in Federal Reserve Bank of Kansas City Speech, September 2009

The Under current law, financial regulators do not have the authority to resolve financial holding companies and non-depository financial companies that are in default or serious danger of default as they have with depository institutions. Although the normal bankruptcy process is a very effective process for most non-depository financial companie...  

Rethinking Macroeconomic Policy
by Olivier Blanchard, Giovanni Dell’Ariccia, and Paolo Mauro
in IMF Staff Position Note, February 2010

The great moderation lulled macroeconomists and policymakers alike in the belief that we knew how to conduct macroeconomic policy. The crisis clearly forces us to question that assessment. In this paper, we review the main elements of the pre-crisis consensus, we identify where we were wrong and what tenets of the pre-crisis framework still hold, a...  

The Risk of Deflation
by John C.Williams
in Federal Reserve Bank of San Francisco Economic Letter, March 2009

This article examines the risk of deflation in the United States by reviewing the evidence from past episodes of deflation and inflation.

The Role of the Federal Reserve in a New Financial Order
by Paul A. Volcker
in Speech at the Economic Club of New York, January 2010

Paul Volcker's discussion of the role of the Federal Reserve in light of the Financial Crisis.

The Role of the Securitization Process in the Expansion of Subprime Credit
by Taylor D. Nadauld and Shane M. Sherlund
in Board of Governors Finance and Economics Discussion Series, April 2009

The authors analyze the structure and attributes of subprime mortgage-backed securitization deals originated between 1997 and 2007. Their data set allows us to link loan-level data for over 6.7 million subprime loans to the securitization deals into which the loans were sold. They show that the securitization process, including the assignment of cr...  

Shadow Banking
by Zoltan Pozsar, Tobias Adrian, Adam Ashcraft, Hayley Boesky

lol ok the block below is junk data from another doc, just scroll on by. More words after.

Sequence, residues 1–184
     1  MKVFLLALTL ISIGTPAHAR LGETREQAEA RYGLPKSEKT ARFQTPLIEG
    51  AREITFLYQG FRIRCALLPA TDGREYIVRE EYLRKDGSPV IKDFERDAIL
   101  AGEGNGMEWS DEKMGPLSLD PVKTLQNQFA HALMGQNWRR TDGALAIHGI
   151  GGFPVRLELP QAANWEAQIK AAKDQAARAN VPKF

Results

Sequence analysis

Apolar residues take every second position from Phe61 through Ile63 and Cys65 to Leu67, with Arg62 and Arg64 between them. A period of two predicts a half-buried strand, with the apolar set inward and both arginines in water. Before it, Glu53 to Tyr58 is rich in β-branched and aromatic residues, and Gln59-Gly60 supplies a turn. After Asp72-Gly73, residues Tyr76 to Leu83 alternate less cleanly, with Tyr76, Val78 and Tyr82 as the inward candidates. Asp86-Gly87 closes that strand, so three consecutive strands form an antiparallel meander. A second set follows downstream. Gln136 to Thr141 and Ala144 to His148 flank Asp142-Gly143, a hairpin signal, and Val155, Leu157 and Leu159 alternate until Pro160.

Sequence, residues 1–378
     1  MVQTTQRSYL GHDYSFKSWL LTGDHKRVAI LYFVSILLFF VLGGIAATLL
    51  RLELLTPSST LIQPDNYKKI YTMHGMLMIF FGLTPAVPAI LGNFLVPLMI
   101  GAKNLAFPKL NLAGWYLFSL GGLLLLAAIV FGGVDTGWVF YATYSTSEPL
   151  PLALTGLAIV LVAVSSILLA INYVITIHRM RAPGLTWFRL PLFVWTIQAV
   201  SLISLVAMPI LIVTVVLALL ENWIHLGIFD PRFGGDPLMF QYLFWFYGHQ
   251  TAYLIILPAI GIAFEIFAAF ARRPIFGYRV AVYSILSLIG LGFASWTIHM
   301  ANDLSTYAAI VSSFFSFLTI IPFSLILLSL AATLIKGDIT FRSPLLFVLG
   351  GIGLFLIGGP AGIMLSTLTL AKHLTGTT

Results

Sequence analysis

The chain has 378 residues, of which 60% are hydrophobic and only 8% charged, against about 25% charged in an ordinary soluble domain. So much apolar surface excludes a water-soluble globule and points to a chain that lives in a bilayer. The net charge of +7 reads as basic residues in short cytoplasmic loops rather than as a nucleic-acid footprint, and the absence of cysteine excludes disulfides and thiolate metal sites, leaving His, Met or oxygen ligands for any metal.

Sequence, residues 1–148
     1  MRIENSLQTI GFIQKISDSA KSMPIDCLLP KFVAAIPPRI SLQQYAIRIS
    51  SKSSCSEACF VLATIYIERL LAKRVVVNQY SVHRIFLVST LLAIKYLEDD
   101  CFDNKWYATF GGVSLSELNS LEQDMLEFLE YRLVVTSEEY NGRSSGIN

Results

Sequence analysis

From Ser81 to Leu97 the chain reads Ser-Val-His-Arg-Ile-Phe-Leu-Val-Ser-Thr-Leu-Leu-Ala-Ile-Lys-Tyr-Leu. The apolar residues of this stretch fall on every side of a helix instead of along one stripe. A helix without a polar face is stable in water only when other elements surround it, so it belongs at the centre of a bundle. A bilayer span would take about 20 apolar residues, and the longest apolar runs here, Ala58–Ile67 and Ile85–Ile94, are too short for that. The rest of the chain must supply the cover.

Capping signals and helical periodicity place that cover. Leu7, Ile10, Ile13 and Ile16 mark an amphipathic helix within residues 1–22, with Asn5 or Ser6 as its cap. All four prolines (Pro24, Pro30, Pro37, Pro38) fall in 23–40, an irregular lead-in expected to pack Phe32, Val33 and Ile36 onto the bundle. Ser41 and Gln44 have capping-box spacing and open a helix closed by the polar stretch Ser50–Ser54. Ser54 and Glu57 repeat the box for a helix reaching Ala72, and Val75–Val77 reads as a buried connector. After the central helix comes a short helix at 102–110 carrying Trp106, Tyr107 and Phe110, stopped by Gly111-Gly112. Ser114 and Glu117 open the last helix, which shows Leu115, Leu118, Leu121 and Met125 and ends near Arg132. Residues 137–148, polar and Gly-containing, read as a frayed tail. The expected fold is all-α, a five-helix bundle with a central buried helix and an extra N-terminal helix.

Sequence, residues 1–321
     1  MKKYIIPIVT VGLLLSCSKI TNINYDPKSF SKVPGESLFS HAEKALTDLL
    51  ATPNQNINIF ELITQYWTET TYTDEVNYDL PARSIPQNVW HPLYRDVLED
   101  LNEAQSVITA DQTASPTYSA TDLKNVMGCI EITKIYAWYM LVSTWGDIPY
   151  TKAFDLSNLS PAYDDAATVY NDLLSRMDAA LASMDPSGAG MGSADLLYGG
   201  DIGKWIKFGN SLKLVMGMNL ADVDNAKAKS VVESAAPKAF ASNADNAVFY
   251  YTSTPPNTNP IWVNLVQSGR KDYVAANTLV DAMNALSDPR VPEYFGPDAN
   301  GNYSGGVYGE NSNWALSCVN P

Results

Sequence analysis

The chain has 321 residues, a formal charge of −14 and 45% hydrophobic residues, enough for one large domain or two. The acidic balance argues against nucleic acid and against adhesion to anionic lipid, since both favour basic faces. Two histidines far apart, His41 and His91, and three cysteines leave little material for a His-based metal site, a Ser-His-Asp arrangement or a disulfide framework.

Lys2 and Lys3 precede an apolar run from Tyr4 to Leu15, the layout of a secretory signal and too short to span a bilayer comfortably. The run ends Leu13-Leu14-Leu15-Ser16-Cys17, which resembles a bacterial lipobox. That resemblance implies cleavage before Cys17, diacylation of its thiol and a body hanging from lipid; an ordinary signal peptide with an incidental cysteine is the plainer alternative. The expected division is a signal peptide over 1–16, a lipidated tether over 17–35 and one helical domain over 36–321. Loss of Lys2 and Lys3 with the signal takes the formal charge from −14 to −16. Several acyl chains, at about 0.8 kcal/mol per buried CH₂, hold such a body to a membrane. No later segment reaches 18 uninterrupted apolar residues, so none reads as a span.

in Federal Reserve Bank of New York Staff Reports no. 458, July 2010

This paper documents the origins, evolution and economic role of the shadow banking system. Its aim is to aid regulators and policymakers globally to reform, regulate and supervise the process of securitized credit intermediation in a market-based financial system.

The Shadow Banking System: Implications for Financial Regulation
by Tobias Adrian and Hyun Song Shin
in Federal Reserve Bank of New York Staff Report, July 2009

The current financial crisis has highlighted the growing importance of the “shadow banking system,” which grew out of the securitization of assets and the integration of banking with capital market developments. This trend has been most pronounced in the United States, but it has had a profound influence on the global financial system. In a market-...  

Should Monetary Policy “Lean or Clean”?*
by William R. White
in Federal Reserve Bank of Dallas Working Paper, August 2009

It has been contended by many in the central banking community that monetary policy would not be effective in “leaning” against the upswing of a credit cycle (the boom) but that lower interest rates would be effective in “cleaning” up (the bust) afterwards. In this paper, these two propositions (can’t lean, but can clean) are examined and found ser...  

Some Observations and Lessons from the Crisis
by Simon M. Potter
in Federal Reserve Bank of New York Speech, June 2010

Remarks at the Third Annual Connecticut Bank and Trust Company Economic Outlook Breakfast, Hartford, Connecticut

Structural Causes of the Global Financial Crisis: A Critical Assessment of the ‘New Financial Architecture’
by James Crotty
in University of Massachusetts Amherst Working Paper, August 2008

The main thesis of this paper is that the ultimate cause of the current global financial crisis is to be found in the deeply flawed institutions and practices of what is often referred to as the New Financial Architecture (NFA) – a globally integrated system of giant bank conglomerates and the so-called ‘shadow banking system’ of investment ban...  

The Supervisory Capital Assessment Program--One Year Later
by Ben S. Bernanke
in Speech, May 2010

At the Federal Reserve Bank of Chicago 46th Annual Conference on Bank Structure and Competition, Chicago, Illinois

Systemic Risk and Deposit Insurance Premiums
by Viral V. Acharya, João A. C. Santos, and Tanju Yorulmazer
in Federal Reserve Bank of New York Economic Policy Review, October 2009

While systemic risk—the risk of wholesale failure of banks and other financial institutions—is generally considered to be the primary reason for supervision and regulation of the banking industry, almost all regulatory rules treat such risk in isolation. In particular, they do not account for the very features that create systemic risk in the first...  

Systemic Risk and the Financial Crisis: A Primer
by James Bullard, Christopher J. Neely, and David C. Wheelock
in Federal Reserve Bank of St. Louis Review, September 2009